Case BriefsHigh Courts

Bombay High Court: S.C. Gupte, J., while allowing a second appeal filed by the plaintiff against the order of the first Appellate court, held that the suit filed for protecting the possession of immovable property based on settled exclusive possession cannot be dismissed on the ground that the plaintiff has failed to prove title to the suit property.

The plaintiff claimed that the suit property was gifted orally to him by one Hamid. He claimed that the defendants were interfering in his peaceful possession of the suit property. Therefore, he filed a suit for perpetual injunction against the defendants, which was allowed by the trial court. It was an admitted fact the plaintiff was, all throughout, in exclusive possession of the suit property. However, on appeal, the First Appellate Court reversed the order passed by the trial court. Hence, the present the second appeal by the plaintiff.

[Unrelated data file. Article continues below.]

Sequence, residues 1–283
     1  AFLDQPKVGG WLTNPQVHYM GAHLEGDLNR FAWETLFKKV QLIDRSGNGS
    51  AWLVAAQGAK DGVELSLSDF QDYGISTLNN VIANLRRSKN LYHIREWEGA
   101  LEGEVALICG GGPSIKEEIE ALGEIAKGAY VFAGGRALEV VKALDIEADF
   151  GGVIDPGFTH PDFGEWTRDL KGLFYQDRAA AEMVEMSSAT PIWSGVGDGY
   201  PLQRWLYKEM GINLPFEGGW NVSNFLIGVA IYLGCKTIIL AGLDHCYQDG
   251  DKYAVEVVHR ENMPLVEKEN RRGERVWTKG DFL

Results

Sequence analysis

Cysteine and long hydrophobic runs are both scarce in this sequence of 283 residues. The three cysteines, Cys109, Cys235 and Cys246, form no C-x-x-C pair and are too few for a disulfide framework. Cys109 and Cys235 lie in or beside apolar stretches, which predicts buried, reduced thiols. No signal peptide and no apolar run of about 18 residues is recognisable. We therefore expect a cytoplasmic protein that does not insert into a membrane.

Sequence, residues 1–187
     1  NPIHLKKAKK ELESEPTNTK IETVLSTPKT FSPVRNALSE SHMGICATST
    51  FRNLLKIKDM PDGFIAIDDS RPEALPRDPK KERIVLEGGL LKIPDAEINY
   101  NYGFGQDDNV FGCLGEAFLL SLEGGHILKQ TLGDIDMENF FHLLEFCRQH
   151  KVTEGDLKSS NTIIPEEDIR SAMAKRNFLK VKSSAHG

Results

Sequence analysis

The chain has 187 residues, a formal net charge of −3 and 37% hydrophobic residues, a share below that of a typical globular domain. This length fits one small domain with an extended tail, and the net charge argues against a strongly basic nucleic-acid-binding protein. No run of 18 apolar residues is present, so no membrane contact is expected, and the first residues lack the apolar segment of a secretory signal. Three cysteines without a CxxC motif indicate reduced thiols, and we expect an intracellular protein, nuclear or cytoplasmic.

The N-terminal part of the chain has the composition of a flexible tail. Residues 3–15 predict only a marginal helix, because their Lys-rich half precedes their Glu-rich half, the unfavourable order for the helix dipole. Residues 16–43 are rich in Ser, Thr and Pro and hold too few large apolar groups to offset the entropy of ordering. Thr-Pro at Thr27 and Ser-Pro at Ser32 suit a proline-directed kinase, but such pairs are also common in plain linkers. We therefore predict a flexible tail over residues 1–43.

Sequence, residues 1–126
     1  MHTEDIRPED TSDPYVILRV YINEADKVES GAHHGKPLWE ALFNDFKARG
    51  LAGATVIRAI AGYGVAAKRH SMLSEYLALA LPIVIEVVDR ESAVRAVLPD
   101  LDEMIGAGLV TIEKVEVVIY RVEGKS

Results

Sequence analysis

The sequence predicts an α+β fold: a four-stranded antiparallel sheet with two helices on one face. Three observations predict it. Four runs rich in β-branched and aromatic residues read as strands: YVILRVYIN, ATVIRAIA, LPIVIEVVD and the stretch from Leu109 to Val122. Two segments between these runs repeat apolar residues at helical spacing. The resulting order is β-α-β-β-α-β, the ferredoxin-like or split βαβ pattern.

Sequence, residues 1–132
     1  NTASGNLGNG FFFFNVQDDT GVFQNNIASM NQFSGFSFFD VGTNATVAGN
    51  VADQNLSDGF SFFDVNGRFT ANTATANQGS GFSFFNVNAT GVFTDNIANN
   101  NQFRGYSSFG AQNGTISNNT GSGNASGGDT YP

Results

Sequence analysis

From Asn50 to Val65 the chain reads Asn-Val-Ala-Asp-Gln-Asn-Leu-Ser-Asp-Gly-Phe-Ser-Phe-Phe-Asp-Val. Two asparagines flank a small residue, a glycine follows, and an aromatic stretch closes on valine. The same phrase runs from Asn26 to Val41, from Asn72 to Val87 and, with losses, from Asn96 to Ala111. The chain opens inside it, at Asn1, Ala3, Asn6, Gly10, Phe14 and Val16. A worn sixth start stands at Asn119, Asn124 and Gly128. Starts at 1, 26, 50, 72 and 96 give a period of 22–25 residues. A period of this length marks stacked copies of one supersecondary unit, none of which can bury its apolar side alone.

The substantial question of law to be decided in this appeal, as reframed by the High Court was: Can a suit filed for protecting the possession of immovable property based on settled exclusive possession be dismissed on the ground that the Plaintiff has failed to prove title to the suit property?

After hearing Pramod N. Joshi, Advocate for the plaintiff, and Sharad T. Bhosale, Advocate for the respondent-defendants, the High Court perused the record and reached the conclusion that the substantial question as framed above had to be answered in the negative. Explaining the fundamental fallacy in the impugned order, the Court explained: “The District Court has dismissed the plaintiff’s suit for protecting his possession without in any way having questioned the plaintiff’s exclusive possession of the suit property. If his exclusive possession was not debated/questioned, assuming without admitting that his exclusive ownership through the purported oral gift by Hamid Husein was not proved unless the defendants actually showed either their pre-existing physical possession or their entitlement to the suit property by a succession, testamentary or intestate, the plaintiff was entitled to the perpetual injunction sought by him.”